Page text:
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conversation social media speech talking technology Uncategorized

The Art Of Conversation

Neal Pollard

With conversation, when both are active listeners, you are exchanging ideas. Along with this, there’s body language and tone of voice which give clues to what the words mean to the speaker. You negotiate, reason, affirm or deny, and continue through these patterns while discussing any number of subjects. This process is invaluable to building relationships, working together, and even evangelism. For all its advantages, social media lacks almost all of those dimensions.

MIT professor and psychologist Sherry Turkle, in the book Reclaiming Conversation (New York: Penguin, 2015), makes the case that we are talking more than ever but we’ve lost the art of conversation.  Turkle observes, “From the early days, I saw that computers offer the illusion of companionship without the demands of friendship and then, as the programs got really good, the illusion of friendship without the demands of intimacy” (7).  What demands? Paying attention, building trust, having empathy, and giving thoughtful responses (as opposed to rude, reckless ones). 

I’m not trying to militate against the use of social media platforms, texting, or emailing. But the more we gravitate toward those to do our “communicating,” the less we successfully navigate the more difficult, yet more rewarding, art of conversation.

When we read the Bible, we are struck–from beginning to end–with the pervasive importance of dialogue and conversation. From Genesis one, where we read the Godhead’s conversation, “Let us make man…,” to Jesus’ conversation with John in Revelation 22, conversation is indispensable. Not only did God create interpersonal relationships and the vehicle of conversation to build them, but He models it throughout the pages of Scripture.

This article seeks to inform, teach, and even persuade, but it is only one dimension of communication. One might argue that other forms of communication are not only necessary, but in many cases will be more effective. The snippets and soundbites of social media postings, much more condensed and lacking context, while being pithy and thought-provoking, are no substitute for what happens face to face in the tension, hard work, and unpredictable dynamic of conversation. Conversation necessitates practice, attention, and mental engagement. 

From the dawn of time, God observed that it’s not good for man to be alone (Gen. 2:18). As suggested by the title of another book by Turkle, Alone Together, we find ourselves increasingly isolated from others and more ill-equipped for building real life relationships. The antidote to that is simple and so attainable.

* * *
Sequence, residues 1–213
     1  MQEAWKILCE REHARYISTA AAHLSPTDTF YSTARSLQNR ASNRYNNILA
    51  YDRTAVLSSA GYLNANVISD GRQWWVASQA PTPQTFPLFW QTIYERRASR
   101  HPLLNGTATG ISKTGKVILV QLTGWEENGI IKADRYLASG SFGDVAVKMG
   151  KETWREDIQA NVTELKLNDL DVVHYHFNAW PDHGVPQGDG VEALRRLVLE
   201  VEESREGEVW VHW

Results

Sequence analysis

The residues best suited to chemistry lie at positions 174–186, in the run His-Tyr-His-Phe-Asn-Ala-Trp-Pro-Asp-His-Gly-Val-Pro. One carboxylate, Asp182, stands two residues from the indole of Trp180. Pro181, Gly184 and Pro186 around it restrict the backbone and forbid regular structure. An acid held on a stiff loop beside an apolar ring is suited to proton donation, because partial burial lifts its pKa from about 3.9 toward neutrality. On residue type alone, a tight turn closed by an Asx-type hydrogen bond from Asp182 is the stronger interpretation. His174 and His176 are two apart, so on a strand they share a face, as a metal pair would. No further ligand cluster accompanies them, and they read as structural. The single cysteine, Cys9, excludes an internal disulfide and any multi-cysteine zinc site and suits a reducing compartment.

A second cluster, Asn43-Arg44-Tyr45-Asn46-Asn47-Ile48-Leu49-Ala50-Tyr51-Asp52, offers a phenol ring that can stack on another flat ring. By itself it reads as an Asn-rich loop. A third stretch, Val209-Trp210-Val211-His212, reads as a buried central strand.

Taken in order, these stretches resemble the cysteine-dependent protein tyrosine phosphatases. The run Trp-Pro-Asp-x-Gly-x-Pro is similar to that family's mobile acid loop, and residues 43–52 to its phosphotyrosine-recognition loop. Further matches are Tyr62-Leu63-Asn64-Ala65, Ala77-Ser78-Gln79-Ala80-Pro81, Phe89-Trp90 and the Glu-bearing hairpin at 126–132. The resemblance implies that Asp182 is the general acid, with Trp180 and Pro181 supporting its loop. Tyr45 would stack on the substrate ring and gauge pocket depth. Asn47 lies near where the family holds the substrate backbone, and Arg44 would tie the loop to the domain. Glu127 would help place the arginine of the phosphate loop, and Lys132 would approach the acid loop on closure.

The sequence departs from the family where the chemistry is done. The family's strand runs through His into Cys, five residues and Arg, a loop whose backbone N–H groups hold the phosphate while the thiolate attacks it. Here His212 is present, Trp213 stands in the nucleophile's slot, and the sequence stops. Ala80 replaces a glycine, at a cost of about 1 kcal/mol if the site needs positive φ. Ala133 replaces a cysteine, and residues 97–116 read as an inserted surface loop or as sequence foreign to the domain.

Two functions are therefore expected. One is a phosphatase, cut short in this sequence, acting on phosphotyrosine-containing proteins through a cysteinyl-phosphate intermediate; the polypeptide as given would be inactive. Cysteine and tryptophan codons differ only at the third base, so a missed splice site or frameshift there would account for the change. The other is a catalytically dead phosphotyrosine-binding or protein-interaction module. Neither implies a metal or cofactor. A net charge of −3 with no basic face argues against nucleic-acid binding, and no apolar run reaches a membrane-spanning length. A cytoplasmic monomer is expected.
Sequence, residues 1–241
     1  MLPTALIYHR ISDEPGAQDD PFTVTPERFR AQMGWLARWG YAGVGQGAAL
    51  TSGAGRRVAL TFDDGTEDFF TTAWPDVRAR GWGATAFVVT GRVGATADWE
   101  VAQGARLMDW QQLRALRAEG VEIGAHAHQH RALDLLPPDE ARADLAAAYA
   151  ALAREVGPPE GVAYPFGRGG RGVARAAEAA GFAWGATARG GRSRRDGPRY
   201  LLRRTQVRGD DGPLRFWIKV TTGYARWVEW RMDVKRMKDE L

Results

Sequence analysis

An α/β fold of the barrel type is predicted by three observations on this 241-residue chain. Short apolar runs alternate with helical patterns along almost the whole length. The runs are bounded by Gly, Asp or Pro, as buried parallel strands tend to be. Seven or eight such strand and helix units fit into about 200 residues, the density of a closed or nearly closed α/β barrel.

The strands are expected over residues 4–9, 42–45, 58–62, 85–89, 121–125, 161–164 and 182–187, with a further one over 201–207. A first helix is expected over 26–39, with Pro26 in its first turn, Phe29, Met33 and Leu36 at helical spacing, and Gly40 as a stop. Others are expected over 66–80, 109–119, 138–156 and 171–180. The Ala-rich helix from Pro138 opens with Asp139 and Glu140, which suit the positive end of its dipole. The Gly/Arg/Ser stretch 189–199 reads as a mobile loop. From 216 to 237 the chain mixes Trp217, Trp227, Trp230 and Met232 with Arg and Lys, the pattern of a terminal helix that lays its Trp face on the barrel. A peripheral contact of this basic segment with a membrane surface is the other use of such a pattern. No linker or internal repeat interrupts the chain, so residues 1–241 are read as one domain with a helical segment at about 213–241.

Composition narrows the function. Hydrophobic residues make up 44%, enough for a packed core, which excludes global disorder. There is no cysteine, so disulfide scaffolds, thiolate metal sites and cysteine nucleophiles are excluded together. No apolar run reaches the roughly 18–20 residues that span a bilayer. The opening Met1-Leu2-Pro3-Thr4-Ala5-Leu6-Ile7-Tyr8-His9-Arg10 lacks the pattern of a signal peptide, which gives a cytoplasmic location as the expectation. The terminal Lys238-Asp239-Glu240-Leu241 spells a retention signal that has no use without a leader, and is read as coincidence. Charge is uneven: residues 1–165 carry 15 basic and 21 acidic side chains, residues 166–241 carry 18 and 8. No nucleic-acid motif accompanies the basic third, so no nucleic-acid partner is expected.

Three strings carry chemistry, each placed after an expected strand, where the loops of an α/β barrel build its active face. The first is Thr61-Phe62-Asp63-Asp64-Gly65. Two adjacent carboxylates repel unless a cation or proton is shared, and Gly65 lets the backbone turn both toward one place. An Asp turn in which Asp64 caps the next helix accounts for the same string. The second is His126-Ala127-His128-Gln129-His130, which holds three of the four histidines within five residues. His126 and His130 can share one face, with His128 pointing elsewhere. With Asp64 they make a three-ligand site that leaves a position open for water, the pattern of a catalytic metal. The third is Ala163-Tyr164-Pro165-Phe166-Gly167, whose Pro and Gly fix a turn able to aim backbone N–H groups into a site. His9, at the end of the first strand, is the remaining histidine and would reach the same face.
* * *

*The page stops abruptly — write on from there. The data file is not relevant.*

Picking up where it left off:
Let’s engage people more. Let’s resort more to making real life connections and less to hiding behind screens. Let’s look for opportunities to do this with friends, acquaintances, and strangers. Let’s connect more in real life. As with anything, the more we practice the better we’ll get at it. 

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Photo credit: Michael Hite

 

Categories
preaching Uncategorized

PREACHER FAN

Neal Pollard

Frankly, some preachers are or can be a pain! There are various reasons for this, but I would hasten to say that such are in the minority.  As I sit in our Future Preachers Training Camp listening to our teachers speak to the next generation of preachers, I am in admiration. Their passion, knowledge, experience, wisdom, and, knowing them, their character leave me in grateful awe. Others who have filled the pulpit or taught classes this week take their place alongside the others I mention.  Their work and life are incredibly noteworthy. While some would not use this word of them complimentarily, preachers are “special” men.

To go into this field of work requires some distinct traits:

  • A willingness to have your life on display
  • A desire to spend your life full-time in ministry
  • An understanding that some will not respect your occupation
  • A willingness to have people disagreeing with what you say, though you know it’s important
  • A humility to care and minister to others, even the difficult and unpleasant people
  • A willingness to enter a profession that may have an economic ceiling

The gospel preacher knows these and other circumstances may often exist, but he sees so many enriching aspects of the life of preaching. Soul-winning, serving, developing, aiding positive change, learning, and much more epitomize the fringe benefits available to a man who preaches the Word. Those wise enough to see this find these things more than sufficient to offset whatever perceived challenges accompany this life.

Watching tomorrow’s preachers absorbing, questioning, thinking, and working excites me. I’m thankful that they are able to find sound, qualified men to provide well-reasoned, Bible answers, but I’m as thankful they are interested and desirous of exploring this life. In a bad-news world, watching quality young men trying to stretch and grow themselves in leadership and preaching is some of the best possible news. Seeing works like preaching camps, schools of preaching, brotherhood activities featuring gospel preachers make me so thankful for men who dedicate themselves to this wonderful life. Please pray for every man who endeavors to aspire to and live this life. Each of us need God’s Word, wisdom, and strength to do this work adequately.

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